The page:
John Locke

As a publisher, you must offer the same deal via your website for subscriptions to the iPad app version of your publication (say the New Yorker). However, an android pad subscription to the same magazine might be 30% cheaper.

If this becomes common practice across publications, consumers will get wise and the market will help drive prices toward the perceived value delivered.

Mad Max

Wow, trying to fight your way back to the top must be an expensive fight if they’re willing to go to such lengths to make money. According to all the iPhanboys, Apple’s doing great for themselves, so why the need to screw content providers so hard? At first I thought it was just greed but now I wonder if they pull this stuff just to see how much they can take advantage of their position before companies just walk away. Well, it’s a numbers game, so as long as Android keeps up the pace, and Apple keeps pushing the limits of how much people are willing to pay to be part of their “special” world, Apple will eventually find themselves as “the other platform”…again. GO APPLE, KEEP UP THE GOOD WORK!

Ross

As a resident of New Zealand, and an owner/user of most current Apple hardware I am watching this one with interest. Good as Apple products and the iTunes store are – there are apps and services we do no have access to in this part of the world. Significantly the only books available on iBooks out here are the public domain ones. Using iBooks as an alternative to Kindle is simply not an option, as there is nothing to purchase. Kindle works fine, and I like the across platform compatibility of purchases and reading between my iPhone 4 and MacBook Pro. If Apple do succeed in locking Amazon out of their ecosystem they had better remember that they do have some customers outside of the USA

Ipad Kindle User

If I understand this correctly, allowing “in application” purchasing means loading your content into the Apple store, that is not a simple task for large content distributors like Amazon, the Kindle collection. Do I have this wrong.

Ted T.

Yes, come to Android where our customers expect all content to be free! That’s the sure way riches!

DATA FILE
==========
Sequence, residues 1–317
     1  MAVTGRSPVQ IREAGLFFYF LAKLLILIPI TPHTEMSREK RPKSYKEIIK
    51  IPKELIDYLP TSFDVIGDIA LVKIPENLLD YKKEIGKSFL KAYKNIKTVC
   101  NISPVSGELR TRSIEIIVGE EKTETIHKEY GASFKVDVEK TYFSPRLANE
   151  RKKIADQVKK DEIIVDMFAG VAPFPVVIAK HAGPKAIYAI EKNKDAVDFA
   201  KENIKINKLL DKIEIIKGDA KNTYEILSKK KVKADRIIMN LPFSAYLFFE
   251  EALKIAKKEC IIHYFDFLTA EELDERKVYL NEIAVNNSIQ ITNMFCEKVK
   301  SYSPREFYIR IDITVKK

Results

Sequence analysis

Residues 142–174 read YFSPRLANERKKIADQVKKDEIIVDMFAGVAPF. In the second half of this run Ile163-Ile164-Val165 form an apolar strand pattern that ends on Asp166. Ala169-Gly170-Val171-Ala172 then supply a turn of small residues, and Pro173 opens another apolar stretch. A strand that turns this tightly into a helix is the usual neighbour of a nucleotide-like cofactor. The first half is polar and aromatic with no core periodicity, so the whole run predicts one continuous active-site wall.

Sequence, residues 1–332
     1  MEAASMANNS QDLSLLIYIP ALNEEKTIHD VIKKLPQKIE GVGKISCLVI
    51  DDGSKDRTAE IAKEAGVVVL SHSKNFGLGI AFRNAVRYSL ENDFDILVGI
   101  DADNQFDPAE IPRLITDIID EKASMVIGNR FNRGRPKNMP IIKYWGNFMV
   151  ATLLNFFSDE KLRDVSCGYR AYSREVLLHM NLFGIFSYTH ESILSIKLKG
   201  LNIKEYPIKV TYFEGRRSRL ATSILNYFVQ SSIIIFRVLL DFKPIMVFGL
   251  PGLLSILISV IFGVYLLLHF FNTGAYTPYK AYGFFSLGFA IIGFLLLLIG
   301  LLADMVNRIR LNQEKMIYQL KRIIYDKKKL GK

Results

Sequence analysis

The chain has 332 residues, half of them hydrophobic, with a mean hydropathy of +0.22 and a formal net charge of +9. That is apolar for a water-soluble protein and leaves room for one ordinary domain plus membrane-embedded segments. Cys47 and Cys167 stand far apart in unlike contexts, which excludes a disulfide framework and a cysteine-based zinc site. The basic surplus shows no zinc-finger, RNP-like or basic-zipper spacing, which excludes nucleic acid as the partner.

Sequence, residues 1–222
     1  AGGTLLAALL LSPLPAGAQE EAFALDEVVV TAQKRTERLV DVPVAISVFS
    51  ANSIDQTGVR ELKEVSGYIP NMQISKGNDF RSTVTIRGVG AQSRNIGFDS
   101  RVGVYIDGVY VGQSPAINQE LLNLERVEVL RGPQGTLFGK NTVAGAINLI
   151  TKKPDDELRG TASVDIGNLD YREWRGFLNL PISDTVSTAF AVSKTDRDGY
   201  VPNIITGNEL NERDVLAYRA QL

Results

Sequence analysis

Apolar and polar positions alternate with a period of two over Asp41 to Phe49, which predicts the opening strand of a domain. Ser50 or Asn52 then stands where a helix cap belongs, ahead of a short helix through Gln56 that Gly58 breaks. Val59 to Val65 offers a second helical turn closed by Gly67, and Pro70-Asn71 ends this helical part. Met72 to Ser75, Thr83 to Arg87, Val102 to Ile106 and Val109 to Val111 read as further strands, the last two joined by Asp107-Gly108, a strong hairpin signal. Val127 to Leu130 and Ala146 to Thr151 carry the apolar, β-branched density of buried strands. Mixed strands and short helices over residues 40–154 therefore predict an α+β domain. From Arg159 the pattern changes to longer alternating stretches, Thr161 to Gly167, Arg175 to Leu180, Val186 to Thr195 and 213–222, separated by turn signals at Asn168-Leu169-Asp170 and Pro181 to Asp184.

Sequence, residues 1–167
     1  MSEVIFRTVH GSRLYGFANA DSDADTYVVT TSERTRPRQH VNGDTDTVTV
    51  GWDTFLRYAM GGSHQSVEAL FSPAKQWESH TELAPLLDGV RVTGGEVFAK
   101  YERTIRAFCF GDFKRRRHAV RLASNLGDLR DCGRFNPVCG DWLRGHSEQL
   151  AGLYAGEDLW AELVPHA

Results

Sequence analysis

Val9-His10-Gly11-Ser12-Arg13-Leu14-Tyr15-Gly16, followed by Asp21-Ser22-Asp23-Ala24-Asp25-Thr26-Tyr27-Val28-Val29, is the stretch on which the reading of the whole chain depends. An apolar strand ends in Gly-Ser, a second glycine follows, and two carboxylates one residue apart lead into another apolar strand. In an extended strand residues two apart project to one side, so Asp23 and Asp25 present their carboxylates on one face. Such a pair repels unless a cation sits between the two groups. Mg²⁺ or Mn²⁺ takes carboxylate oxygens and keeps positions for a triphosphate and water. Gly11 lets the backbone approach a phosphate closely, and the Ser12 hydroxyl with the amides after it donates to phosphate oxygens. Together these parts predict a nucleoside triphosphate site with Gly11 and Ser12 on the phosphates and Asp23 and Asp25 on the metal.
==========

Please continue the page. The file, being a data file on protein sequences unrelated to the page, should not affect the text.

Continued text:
As awful as the music industry was they were willing to admit that Apple’s 30% cut was a fair deal. We software developers were downright ecstatic about it via the App store. But the magazine/publishing industry has decided to behave like a bunch of 3 years olds having a tantrum. Their sense of entitlement is truly breathtaking.

Jake

Apple is not prohibiting sales through other channels.

What are “traditional” brick-and-mortar distribution costs for magazines, newspapers, etc. What does Target, Walmart, Safeway and the like make on Cosmo in the check out aisle?

I don’t know where the distribution fee will end up, but the position that Apple is taking is that if you use the in-app purchase, you will sell more. It’s hard to find many sellers who will argue with the opportunity to sell more.

Yann

This is like buying a ford, and being told you can only buy gas from certain stations and ford will take a 30% cut. It is institutional greed and arrogance that will eventually kill the closed loop platform.

Roshan Shrestha

I wonder if non-media companies who sell subscription services are also affected, companies like Evernote, DropbBox, even Salesforce.com?

KenG

The terms are still egregious, but if I’m a publisher, I bite the bullet and account for Apple’s 30% cut for a year or so as investment in building a tablet subscriber base. At that point, there should be other viable tablet options, and Apple either gets more reasonable or the experiment ends. A 30% cut for electronic distribution is not sustainable for any publisher or retailer like Amazon, and Apple knows that. But then again, a $450 price for an e-book reader (the Kindle) was not sustainable, and Amazon knew that. I’m hoping that Apple is just trying to leave as little money on the table for as long as possible.

Joe

Maybe Amazon could offer a credit of say 10-15 percent toward a free ebook when people buy outside the app, which they can state within the app (no link needed). It would cost them revenue, but not quite as much.